Moving Together Toward Lasting Change

The share-the-gift project is just one part of an expansive community development project in Turkana. The local church networks in the area continue to supervise these projects, ensuring that the seed of love first planted by World Relief will saturate the entire community so that every household has the chance to receive and improve their livestock.

Share-the-gift is just one part of an expansive, community development project in Turkana that also includes robust agricultural programing that helps expand and diversify food sources, as well as teach desert farming techniques to help conserve water.

That’s where the whole joy today is. We are not just creating solutions for people to have food to be stronger. We are creating solutions that are wholesome, uprooting the community from poverty, to a place of holistic transformation, where they are able to take charge of their destiny.God loves his people and is infinitely interested in their welfare. That statement is true whether someone is a project coordinator or implementer (like our staff) or a project beneficiary. We are moving together, growing and learning together as we seek to create lasting change in our communities and around the world.

Share your gift this Giving Tuesday by paying it forward on behalf of a friend or family member. When you give today, you’ll receive a digital card to send to your loved one, letting them know about the lasting change their gift is creating.

Elias Kamau serves as Country Director at World Relief Kenya. He has over 20 years of experience in humanitarian and development work in various countries including South Sudan, Somalia, Haiti, Kenya and Sudan. He started his career as a schoolteacher rising to the position of Director of External Studies and Continuing Education and successfully trained teachers in and out of Kenya. Exposure to the plight of refugees while serving as an education and training consultant in the sprawling Dadaab Refugee camps in Northern Kenya marked a turning point in his life. He resigned his position with the government feeling called to those vulnerable people. He went on to serve them in some of the poorest parts of the Horn of Africa where he held various positions with reputable International organizations including CARE, Norwegian Church Aid, International AID Services and World Concern among others before joining World Relief. Elias lives in Nairobi with his family including his wife Phelista and two children; a girl and a boy. He enjoys making friends and sharing the love of Jesus.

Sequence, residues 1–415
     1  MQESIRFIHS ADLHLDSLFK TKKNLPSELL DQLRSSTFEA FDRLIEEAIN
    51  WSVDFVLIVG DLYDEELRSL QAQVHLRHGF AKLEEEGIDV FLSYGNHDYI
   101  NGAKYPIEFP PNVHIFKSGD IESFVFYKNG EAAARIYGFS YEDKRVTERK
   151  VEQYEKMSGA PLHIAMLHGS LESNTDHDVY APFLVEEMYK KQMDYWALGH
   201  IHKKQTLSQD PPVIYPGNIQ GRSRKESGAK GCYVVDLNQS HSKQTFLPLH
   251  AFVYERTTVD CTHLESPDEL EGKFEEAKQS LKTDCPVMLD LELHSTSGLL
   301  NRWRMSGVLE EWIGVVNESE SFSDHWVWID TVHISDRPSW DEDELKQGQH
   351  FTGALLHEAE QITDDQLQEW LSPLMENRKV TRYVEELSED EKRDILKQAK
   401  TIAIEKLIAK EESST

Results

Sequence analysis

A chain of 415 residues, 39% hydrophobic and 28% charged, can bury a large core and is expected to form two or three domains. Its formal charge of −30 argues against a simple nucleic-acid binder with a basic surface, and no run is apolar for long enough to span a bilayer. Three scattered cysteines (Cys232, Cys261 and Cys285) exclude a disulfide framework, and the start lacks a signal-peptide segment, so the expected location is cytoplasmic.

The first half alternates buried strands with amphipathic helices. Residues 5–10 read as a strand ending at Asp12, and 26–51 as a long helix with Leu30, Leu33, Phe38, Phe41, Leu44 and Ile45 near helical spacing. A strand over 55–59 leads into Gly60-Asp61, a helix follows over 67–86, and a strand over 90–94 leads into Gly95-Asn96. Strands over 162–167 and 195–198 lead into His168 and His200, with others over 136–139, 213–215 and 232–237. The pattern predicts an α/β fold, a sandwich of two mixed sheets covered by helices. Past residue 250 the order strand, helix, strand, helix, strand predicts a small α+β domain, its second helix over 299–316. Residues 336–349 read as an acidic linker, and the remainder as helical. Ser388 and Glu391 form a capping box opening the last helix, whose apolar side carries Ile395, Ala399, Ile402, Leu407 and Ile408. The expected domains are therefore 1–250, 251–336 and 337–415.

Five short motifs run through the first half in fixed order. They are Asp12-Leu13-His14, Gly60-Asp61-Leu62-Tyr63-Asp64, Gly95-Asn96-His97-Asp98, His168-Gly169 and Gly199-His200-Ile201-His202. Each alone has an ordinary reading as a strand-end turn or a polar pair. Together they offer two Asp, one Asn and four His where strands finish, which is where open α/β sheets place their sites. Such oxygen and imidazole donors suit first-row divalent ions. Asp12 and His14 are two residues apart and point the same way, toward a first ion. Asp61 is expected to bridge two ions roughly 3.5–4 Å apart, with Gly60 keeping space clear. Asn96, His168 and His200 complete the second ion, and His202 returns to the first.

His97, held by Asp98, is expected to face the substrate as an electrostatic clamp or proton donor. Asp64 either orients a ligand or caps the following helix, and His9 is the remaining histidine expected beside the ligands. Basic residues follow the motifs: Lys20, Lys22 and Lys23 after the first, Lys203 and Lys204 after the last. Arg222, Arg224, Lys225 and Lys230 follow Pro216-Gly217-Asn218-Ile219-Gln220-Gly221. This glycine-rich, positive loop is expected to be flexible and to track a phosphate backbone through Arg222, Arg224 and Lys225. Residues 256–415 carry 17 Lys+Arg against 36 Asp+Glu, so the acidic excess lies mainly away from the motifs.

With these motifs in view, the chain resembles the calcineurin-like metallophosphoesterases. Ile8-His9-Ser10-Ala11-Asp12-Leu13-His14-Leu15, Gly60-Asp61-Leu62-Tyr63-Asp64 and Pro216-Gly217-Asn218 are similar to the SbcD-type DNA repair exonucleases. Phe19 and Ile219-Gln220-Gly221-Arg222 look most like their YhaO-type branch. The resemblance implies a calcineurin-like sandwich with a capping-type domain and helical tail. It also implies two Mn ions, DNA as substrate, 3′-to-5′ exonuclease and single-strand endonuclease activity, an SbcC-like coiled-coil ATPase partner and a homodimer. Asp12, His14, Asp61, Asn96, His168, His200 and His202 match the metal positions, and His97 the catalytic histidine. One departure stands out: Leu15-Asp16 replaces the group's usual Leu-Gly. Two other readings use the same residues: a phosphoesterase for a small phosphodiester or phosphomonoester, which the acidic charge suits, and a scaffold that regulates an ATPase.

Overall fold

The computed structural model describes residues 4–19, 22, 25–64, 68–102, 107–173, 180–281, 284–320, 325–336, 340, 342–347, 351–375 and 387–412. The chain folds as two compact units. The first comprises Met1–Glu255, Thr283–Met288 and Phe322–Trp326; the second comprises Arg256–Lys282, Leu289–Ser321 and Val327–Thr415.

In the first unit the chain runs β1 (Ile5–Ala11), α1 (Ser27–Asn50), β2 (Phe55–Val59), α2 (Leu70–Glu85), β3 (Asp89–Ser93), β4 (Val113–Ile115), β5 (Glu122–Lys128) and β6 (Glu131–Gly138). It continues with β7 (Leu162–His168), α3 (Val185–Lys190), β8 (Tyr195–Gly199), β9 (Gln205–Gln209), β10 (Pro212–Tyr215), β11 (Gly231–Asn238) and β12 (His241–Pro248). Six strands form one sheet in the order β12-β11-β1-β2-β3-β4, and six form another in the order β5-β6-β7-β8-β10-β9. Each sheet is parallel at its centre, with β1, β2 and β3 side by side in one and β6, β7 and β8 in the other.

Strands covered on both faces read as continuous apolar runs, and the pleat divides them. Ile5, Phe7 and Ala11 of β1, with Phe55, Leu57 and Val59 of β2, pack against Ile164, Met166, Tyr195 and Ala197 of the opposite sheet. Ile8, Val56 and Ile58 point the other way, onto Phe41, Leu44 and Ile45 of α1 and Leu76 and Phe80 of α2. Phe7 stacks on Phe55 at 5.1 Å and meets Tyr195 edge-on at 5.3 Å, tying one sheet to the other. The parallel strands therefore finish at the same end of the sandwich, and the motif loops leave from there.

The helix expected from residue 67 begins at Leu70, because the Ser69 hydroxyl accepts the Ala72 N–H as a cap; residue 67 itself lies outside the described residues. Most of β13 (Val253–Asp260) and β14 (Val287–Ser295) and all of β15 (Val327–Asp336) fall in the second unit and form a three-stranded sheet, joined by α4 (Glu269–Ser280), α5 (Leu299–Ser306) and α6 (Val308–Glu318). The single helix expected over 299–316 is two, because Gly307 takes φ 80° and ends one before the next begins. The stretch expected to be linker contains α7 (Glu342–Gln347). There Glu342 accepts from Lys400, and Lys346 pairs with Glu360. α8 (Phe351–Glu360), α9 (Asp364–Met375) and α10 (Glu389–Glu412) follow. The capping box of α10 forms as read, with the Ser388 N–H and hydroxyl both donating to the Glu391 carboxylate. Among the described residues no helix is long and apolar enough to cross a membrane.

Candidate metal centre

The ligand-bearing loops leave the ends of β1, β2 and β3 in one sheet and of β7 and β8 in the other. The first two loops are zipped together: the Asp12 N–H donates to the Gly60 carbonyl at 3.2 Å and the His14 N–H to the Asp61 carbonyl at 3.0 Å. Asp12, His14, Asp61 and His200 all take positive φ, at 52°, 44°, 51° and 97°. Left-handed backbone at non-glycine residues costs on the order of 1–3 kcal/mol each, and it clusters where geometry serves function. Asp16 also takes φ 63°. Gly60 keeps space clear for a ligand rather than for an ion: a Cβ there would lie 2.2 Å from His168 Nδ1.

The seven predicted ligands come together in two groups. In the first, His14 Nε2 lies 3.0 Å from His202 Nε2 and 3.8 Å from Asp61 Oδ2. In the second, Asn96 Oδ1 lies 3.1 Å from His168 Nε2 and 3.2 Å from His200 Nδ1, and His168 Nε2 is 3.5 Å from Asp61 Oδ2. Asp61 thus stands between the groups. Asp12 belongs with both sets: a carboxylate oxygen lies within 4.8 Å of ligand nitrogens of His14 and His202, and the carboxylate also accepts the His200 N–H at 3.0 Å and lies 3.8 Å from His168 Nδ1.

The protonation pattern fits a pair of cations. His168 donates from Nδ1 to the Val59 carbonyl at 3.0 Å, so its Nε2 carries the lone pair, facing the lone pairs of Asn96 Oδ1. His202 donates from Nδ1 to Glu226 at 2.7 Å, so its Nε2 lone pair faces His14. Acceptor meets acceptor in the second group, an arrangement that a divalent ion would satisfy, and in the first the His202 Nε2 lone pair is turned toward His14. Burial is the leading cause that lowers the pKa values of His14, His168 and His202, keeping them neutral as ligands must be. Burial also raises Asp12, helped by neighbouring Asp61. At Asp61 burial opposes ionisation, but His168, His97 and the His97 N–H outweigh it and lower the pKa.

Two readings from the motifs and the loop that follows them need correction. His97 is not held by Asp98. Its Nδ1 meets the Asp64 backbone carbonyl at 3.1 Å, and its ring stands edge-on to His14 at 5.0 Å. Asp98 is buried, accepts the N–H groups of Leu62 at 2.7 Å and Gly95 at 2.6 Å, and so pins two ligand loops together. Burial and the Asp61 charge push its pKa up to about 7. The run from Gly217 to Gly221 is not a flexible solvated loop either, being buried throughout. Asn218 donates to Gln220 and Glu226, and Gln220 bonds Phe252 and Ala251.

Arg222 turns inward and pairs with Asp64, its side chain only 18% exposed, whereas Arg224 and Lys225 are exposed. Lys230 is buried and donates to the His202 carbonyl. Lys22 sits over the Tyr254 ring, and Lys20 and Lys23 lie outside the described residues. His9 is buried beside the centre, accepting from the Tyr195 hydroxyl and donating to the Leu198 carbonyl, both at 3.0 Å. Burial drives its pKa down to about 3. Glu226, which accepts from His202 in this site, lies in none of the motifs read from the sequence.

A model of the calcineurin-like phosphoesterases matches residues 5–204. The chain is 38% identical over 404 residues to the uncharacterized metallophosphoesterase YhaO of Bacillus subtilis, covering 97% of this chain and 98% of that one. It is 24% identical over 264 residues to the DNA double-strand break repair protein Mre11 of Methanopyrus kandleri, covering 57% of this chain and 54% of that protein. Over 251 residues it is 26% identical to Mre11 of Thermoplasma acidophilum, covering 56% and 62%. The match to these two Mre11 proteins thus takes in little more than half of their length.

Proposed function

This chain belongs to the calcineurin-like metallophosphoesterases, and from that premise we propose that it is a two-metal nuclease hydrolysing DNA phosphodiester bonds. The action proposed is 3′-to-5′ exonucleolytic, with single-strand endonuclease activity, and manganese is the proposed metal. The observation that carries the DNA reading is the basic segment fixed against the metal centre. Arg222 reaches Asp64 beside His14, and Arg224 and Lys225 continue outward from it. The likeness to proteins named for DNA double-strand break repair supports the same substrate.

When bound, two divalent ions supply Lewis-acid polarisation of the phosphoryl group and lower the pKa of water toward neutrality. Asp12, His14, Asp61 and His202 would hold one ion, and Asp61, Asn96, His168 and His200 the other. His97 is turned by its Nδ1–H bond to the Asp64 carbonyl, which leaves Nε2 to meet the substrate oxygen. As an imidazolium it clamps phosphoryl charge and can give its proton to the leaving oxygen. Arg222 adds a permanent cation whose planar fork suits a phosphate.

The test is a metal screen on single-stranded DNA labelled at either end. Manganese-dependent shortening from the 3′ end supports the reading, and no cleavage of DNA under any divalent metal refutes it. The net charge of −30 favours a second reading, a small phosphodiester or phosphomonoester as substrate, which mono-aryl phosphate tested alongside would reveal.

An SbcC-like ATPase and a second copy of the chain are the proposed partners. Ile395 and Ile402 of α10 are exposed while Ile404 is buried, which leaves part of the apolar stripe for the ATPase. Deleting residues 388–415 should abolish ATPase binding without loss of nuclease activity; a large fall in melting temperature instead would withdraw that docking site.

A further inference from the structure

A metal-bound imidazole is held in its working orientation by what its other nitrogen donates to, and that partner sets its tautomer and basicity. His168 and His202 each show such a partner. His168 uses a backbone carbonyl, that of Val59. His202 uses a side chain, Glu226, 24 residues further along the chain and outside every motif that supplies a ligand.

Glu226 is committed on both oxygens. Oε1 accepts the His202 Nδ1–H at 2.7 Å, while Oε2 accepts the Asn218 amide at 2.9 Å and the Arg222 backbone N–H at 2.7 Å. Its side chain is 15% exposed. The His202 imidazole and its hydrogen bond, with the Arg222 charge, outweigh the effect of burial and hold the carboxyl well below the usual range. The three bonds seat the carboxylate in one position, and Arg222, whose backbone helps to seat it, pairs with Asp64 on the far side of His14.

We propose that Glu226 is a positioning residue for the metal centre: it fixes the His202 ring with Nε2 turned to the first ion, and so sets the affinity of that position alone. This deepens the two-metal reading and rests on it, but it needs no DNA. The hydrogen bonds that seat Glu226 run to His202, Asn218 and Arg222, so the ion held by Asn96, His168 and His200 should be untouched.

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Oliver Otsimi serves as the Turkana Program Manager at World Relief. He holds a Bachelor’s degree in Environmental Studies (Community Development) and post graduate trainings in Horticultural Crop Production and Post-Harvest Technology, Agribusiness and Marketing. Oliver is studying for a Masters degree in Project Planning and Management at Maseno University. Oliver’s ambition is to positively transform poor households achieve food security and prosperity to enable them live a life of dignity as intended by God. He is married to Pamela and they have two children.